I am thinking of going to business school. And I have been surprised by the reactions I have received each time I have shared this aspiration. In other words, I have gotten one reaction: surprise.
I’ve written a fair amount in my life on the subjects of female empowerment. And I’m not about to stop, because these issues are very close to my heart. However, I have rarely felt as fired up, motivated and inspired as I did yesterday afternoon after dipping into Nicholas Kristof and Sheryl WuDunn’s book Half the Sky: Turning Oppression into Opportunity for Women Worldwide. This groundbreaking work explores the far-reaching benefits of empowering and educating women across the globe. Read More The Double X Solution: Empowering Women and Girls Around the World
I am interested in the upswing in enthusiasm for Do-It-Yourself (DIY) projects and initiatives. From bee-keeping to urban farming to bicycle repair, people across the country are taking on a wealth of independent projects with nothing but a heap of ingenuity and their local Home Depot to help them. Just across the street from me, there is an organization that hosts workshops almost every evening on everything from “Print Your Own Monogram Stationary” to “Build Your Own Terrarium!” Read More Ingenuity 101: DIY and the World of Tomorrow
I saw Star Trek Into Darkness last weekend, and I liked it. I did, however, have a discussion with my boyfriend about whether or not the movie had honored the proud Star Trek tradition of portraying empowered female characters who work side-by-side and on equal footing with their male counterparts. Here’s the thing: one strength of Star Trek has historically been that it portrays a future in which men and women are equals and it’s not a big deal. And I’m worried that Star Trek Into Darkness represents a (potentially big) step backwards in terms of staying faithful to the gender roles that were represented in the original series.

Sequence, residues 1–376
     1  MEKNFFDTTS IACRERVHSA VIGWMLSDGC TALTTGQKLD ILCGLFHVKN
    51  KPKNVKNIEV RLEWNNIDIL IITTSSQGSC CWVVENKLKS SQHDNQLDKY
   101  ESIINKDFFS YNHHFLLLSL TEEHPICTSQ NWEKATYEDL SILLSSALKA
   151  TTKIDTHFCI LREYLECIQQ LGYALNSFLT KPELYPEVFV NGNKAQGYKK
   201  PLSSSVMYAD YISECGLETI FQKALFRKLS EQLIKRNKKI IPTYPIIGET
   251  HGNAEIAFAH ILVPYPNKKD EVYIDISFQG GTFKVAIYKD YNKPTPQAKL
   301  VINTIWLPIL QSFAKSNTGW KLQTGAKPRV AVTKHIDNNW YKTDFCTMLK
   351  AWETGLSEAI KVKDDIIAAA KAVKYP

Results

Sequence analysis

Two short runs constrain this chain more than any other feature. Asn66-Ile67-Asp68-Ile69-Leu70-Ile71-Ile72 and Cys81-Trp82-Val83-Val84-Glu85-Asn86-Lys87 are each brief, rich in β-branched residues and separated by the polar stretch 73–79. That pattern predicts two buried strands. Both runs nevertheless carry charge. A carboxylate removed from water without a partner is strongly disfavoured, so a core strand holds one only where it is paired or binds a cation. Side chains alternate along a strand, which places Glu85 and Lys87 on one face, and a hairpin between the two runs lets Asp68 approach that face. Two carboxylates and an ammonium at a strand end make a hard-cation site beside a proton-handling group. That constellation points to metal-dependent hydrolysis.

Here is my recap and review of The War of Art by Steven Pressfield.
Step 1. Read this book.
Step 2. Do your work. Read More Do Your Work: A Short and Sweet Recap of “The War Of Art”
About a month ago, I decided that, instead of talking about Sheryl Sandberg’s new book Lean In: Women, Work, and the Will to Lead, (and enthusiastically recommending that other people read it because “it was so important”), that I should take my own advice and read it myself. So I did. And I am so glad. Truly. There is a lot here. Read More You Go Girl: A Reflection on Sheryl Sandberg’s New Book, Lean In
I come from a proud tradition of eccentrics, and my father has his own share of cheerfully embraced oddities. At an earlier point in his life, he decided that he was eating far more peanut butter than was healthy, and so he began stowing the jar of peanut butter in his mailbox across the street from his apartment so that it was more difficult to get at when he was feeling “snack-ish”.